Secondary Logo

Journal Logo

Disappearance of Phantom Limb Pain During Cauda Equina Compression by Spinal Meningioma and Gradual Reactivation After Decompression

Aydin, Mehmet D., MD*; Cesur, Mehmet, MD; Aydin, Nazan, MD; Alici, Haci A., MD

doi: 10.1213/01.ANE.0000175768.11507.BC
Pain Medicine: Case Report
Free

We describe a 65-yr-old woman, whose right lower limb had been amputated at the mid-femoral level because of complicated femur fracture sustained at the age of 5 yr. After amputation, she experienced phantom limb pain (PLP), which gradually decreased in intensity but persisted for 60 yr. At this point the pain diminished progressively, in parallel with the evolution of cauda equina compression caused by an intraspinal tumor. The PLP gradually reappeared over 3 mo after surgical removal of the tumor.

IMPLICATIONS: We present a case in which phantom limb pain (PLP) in an amputated leg disappeared during cauda equina compression by meningioma and reactivated after surgical decompression. This case suggests that complete compression or blockade of nerves, a nerve plexus, the cauda equina, or the medullary cord may result in suppression of PLP, and decompression of or recovery from the block may cause reactivation.

*Department of Neurosurgery, †Department of Anesthesiology and Intensive Care ‡Department of Psychiatry, Ataturk University, School of Medicine, Erzurum, Turkey

Accepted for publication March 23, 2005.

Address correspondence and reprint requests to Mehmet Cesur, Yunus Emre Mah., Tomurcuk Sok,. İkizler Apt. B Blok No: 7/7 25080 Yenisehir/Erzurum, Turkey. Address e-mail to mcesur@atauni.edu.tr.

Phantom limb pain (PLP) is a pain that may be seen immediately after injury or years later in a part of the body that is deafferented or amputated. It is seen in 60%–80% of patients after amputation and is described as being intermittent or persistent cramping, stabbing, squeezing, aching, burning, and shooting (1). Although PLP may remain constant for years during the postamputation period, both the frequency and the duration of pain attacks decrease significantly (2).The exact causes underlying PLP remain unknown. However, studies have demonstrated that PLP is a complex phenomenon that may be attributed to neural reorganization at multiple levels, including the spinal cord, brainstem, thalamus, and cortex, as well as factors in the periphery (3).

This is the first reported case, in which PLP disappeared progressively, paralleling the evolution of cauda equine compression because of an intraspinal tumor and gradually reappeared on slow recovery from cauda equina syndrome 3 mo after surgical removal of the tumor.

Back to Top | Article Outline

Case Report

A 65-yr-old woman was scheduled to undergo surgery for cauda equina syndrome resulting from an intraspinal tumor. Her lower right leg had been amputated at the mid-femoral level because of complications from a femur fracture when she was 5 yr old. After amputation, she suffered from an intermittent, electric shock-like pain that radiated from her buttock to below the level of her amputation and into her phantom foot and toes. The pain was triggered by cold and was decreased by standard analgesics. Over time, her pain gradually decreased in intensity but persisted for 60 yr. The patient was admitted to hospital with the complaint of motor weakness and sensory loss in the left leg and urinary incontinence. Approximately 1 yr before admission to the hospital, paresis of the lower extremities had begun and the old pain in her amputated leg had gradually decreased and disappeared. She experienced urinary incontinence just before hospital admission. At neurological examination, paraparesis and hypoesthesia were observed below the level of the second lumbar segment. Magnetic resonance imaging (MRI) revealed a calcified and hyperintense intradural mass at the level of L1-2 compressing the cauda equina (Fig. 1). Spinal intradural meningioma was diagnosed, and a surgical decompression with laminectomy was performed. The mass, which totally obliterated the spinal canal, was removed completely. Its histopathological diagnosis was psammomatous meningioma. When the patient was discharged 1 wk after operation, dysesthesia in her left leg and saddle region showed some improvement, but she was still complaining of inability to urinate and left leg weakness. Full sensory function and sphincter control recovered approximately 3 mo later, but she began to complain of an intermittent sharp shooting and burning pain that was characteristically originating in the distal area of the amputated leg and radiated into her phantom foot, just like she had before. Any neuroma formation, undue osseous prominences, or scar tenderness could not be detected in the stump. Her pain was reduced with oral fluoxetine (20 mg per day), which she had previously taken. At the 10-mo follow-up evaluation, MRI showed no lesion in the lumbar spinal canal (Fig. 2) and the patient was completely free of all neurological symptoms of cauda equina syndrome; however, her phantom pain had reappeared.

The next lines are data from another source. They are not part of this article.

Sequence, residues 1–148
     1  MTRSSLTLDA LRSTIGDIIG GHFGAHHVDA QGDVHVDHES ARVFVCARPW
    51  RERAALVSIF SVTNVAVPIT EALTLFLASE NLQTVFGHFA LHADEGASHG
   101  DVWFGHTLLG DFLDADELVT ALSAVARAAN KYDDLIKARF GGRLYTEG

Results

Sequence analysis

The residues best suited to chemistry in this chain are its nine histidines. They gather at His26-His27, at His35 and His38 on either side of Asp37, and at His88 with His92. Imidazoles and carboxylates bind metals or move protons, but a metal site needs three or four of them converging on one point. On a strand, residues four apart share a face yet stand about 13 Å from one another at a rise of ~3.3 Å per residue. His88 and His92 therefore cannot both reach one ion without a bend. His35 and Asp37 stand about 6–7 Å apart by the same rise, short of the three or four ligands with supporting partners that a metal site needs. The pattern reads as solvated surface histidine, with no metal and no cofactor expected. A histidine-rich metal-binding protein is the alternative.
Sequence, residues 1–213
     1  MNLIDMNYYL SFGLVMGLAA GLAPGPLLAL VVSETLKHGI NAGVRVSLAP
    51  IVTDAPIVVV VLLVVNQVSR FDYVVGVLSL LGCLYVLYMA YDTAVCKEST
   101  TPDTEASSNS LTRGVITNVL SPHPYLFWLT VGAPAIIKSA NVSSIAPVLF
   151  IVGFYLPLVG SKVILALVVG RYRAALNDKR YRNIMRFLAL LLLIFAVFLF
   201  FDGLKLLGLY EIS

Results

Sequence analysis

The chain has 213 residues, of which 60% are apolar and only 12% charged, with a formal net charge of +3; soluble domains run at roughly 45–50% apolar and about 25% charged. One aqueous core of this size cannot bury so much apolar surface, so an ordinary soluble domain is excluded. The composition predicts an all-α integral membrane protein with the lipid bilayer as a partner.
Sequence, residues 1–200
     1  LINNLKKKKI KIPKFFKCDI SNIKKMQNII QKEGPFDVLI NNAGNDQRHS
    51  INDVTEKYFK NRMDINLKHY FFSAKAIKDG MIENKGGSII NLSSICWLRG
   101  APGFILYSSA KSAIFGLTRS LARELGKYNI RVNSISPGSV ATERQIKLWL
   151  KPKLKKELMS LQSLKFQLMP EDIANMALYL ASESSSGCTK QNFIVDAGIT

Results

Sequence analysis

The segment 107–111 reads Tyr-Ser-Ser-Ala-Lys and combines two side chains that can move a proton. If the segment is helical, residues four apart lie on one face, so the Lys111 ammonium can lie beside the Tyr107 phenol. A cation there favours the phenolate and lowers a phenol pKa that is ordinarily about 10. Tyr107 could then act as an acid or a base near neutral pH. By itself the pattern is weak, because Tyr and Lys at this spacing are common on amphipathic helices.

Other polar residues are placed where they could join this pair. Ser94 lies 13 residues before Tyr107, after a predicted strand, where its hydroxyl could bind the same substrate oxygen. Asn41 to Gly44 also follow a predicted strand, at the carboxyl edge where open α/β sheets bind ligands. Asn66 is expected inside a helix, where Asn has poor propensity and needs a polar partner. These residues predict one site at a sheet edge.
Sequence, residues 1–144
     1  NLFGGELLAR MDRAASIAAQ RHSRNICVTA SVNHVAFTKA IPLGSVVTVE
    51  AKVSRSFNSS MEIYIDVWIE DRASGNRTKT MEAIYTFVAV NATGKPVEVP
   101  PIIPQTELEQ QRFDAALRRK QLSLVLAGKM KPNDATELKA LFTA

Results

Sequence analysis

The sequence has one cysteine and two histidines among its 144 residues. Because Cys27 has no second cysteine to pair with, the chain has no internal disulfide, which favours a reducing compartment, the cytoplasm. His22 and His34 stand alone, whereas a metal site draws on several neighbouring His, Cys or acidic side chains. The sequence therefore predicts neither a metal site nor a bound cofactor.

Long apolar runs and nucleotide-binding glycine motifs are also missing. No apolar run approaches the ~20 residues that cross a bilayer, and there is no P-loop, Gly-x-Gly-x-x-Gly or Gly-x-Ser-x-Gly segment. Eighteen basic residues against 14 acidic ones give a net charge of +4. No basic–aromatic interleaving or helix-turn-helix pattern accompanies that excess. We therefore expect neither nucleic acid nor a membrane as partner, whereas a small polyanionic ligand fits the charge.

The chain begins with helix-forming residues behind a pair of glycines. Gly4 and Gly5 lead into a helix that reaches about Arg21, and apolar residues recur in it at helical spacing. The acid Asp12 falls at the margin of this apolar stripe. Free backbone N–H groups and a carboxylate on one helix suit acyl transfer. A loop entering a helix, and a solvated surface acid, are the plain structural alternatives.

Figure 1.

Figure 1.

Figure 2.

Figure 2.

Back to Top | Article Outline

Discussion

Our patient’s PLP had disappeared with the beginning symptoms of a cauda equina syndrome caused by meningioma and gradually reactivated after surgical removal of the tumor. We thought that the suppression of the PLP was caused by the mass-induced ischemic and mechanical damage to the cauda equina and that its reactivation was caused by electrophysiological improvement after removal of the mass. During cauda equina compression, nerve fibers have differing susceptibilities both to ischemia and mechanical trauma. The small myelinated and unmyelinated fibers (e.g., Aδ and C-fibers) that subserve pain sensation and parasympathetic function are much less resilient to mechanical compression than the larger fibers concerned with motor power, light touch, and joint position sense. Reversibility is dependent on relief of both the mechanical pressure obstructing axoplasmic flow and the resolution of ischemia/venous congestion (4).

The mechanism of mechanical damage is used clinically for the treatment of trigeminal neuralgia in the balloon compression technique. Balloon compression of the trigeminal nerve has been used effectively to treat trigeminal neuralgia for two decades. The compression injures large myelinated fibers, removing the trigger to the presumed ephaptic transmission of pain. Because small unmyelinated fibers, which mediate the corneal reflex, are selectively preserved, the compression technique may be an advantage in the treatment of ophthalmic division nerve pain (5).